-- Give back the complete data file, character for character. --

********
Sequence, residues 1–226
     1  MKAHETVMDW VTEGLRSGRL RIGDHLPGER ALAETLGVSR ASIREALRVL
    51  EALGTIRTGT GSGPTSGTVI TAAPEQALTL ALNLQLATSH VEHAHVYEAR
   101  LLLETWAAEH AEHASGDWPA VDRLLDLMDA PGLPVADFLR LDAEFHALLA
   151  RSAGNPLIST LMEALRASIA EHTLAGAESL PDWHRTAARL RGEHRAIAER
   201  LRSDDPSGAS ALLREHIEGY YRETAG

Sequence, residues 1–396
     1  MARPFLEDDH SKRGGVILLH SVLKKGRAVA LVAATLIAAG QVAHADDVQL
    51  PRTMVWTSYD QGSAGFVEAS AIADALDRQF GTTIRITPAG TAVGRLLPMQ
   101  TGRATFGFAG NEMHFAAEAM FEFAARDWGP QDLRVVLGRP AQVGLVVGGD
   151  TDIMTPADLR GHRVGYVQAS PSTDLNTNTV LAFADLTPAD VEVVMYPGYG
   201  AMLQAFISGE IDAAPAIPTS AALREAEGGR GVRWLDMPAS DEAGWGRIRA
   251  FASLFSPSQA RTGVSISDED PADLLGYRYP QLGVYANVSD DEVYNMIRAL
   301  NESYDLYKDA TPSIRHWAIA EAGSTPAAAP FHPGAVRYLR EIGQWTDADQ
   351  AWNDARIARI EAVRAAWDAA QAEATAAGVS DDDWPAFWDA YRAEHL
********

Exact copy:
Sequence, residues 1–226
     1  MKAHETVMDW VTEGLRSGRL RIGDHLPGER ALAETLGVSR ASIREALRVL
    51  EALGTIRTGT GSGPTSGTVI TAAPEQALTL ALNLQLATSH VEHAHVYEAR
   101  LLLETWAAEH AEHASGDWPA VDRLLDLMDA PGLPVADFLR LDAEFHALLA
   151  RSAGNPLIST LMEALRASIA EHTLAGAESL PDWHRTAARL RGEHRAIAER
   201  LRSDDPSGAS ALLREHIEGY YRETAG

Sequence, residues 1–396
     1  MARPFLEDDH SKRGGVILLH SVLKKGRAVA LVAATLIAAG QVAHADDVQL
    51  PRTMVWTSYD QGSAGFVEAS AIADALDRQF GTTIRITPAG TAVGRLLPMQ
   101  TGRATFGFAG NEMHFAAEAM FEFAARDWGP QDLRVVLGRP AQVGLVVGGD
   151  TDIMTPADLR GHRVGYVQAS PSTDLNTNTV LAFADLTPAD VEVVMYPGYG
   201  AMLQAFISGE IDAAPAIPTS AALREAEGGR GVRWLDMPAS DEAGWGRIRA
   251  FASLFSPSQA RTGVSISDED PADLLGYRYP QLGVYANVSD DEVYNMIRAL
   301  NESYDLYKDA TPSIRHWAIA EAGSTPAAAP FHPGAVRYLR EIGQWTDADQ
   351  AWNDARIARI EAVRAAWDAA QAEATAAGVS DDDWPAFWDA YRAEHL